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Originally, all States which provided for an acquisition of nationality iure sanguinis nearly exclusively applied ius sanguinis a patre (in the paternal line); only in exceptional circumstances ius sanguinis a matre (the maternal line) was relevant (e.
Most countries now apply a ius sanguinis a matre et a patre: a child acquires the nationality if father or mother possesses this nationality (de Groot 2002a, 124).
Nowadays, most countries do not apply either ius sanguinis or ius soli, but a combination of both principles.
It is important to realise, that already the choice for a certain application of ius soli/ ius sanguinis implies an unequal competition of States in respect of sports(wo)men and unequal opportunities for athletes.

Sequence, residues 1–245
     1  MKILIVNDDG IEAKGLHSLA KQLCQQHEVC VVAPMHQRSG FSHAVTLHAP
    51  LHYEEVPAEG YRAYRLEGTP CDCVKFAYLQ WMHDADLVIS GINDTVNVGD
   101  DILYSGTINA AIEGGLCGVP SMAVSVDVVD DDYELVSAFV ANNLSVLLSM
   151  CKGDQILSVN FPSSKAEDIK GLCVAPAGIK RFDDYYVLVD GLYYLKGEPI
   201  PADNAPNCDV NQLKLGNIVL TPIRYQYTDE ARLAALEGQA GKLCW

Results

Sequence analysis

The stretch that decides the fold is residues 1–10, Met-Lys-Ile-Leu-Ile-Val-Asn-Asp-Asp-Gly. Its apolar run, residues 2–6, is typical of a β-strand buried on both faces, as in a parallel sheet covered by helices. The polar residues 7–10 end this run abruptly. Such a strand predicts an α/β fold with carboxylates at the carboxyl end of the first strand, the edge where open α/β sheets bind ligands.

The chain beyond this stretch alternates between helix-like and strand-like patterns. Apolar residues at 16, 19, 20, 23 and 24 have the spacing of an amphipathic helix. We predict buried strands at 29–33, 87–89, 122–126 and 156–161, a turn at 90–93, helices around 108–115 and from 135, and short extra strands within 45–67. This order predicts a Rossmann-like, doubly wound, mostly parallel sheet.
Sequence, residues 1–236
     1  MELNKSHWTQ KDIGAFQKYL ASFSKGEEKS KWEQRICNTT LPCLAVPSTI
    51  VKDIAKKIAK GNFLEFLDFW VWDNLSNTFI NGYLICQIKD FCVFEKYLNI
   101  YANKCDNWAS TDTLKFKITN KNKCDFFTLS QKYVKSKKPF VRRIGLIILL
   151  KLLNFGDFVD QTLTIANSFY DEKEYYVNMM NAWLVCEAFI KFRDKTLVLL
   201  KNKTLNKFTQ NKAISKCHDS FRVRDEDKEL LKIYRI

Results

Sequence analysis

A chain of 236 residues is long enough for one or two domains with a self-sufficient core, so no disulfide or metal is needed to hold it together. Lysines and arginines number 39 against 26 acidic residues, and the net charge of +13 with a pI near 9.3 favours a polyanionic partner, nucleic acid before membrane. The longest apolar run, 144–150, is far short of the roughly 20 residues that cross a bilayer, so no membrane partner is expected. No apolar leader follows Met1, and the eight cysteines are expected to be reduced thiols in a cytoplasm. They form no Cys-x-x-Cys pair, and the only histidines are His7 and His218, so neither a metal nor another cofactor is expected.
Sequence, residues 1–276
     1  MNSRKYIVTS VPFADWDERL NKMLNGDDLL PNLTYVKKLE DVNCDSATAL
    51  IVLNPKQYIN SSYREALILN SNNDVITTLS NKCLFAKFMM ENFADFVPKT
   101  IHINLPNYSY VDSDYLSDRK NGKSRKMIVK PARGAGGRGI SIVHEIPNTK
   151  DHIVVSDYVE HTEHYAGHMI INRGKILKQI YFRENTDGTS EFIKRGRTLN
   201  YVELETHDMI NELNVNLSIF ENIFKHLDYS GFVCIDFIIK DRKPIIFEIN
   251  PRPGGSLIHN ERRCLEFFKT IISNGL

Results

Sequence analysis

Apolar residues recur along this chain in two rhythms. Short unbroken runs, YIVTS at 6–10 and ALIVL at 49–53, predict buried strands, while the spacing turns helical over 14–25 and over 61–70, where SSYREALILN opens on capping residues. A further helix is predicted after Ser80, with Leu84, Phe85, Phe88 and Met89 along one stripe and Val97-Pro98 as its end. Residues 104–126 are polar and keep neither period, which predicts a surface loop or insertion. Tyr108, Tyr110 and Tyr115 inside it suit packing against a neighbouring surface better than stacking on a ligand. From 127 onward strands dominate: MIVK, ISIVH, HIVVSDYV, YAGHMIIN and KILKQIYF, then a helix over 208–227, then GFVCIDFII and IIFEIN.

But in fact, if States do not apply ius soli or make exceptions regarding ius sanguinis this is often to some extent compensated by facilitated access to the nationality.
Insistence on ius sanguinis in identifying citizenship eligibility means that generations of immigrant descendants, eligible for citizenship according to ius soli, are uprooted from their countries of origin and marginalized in the societies where they were born.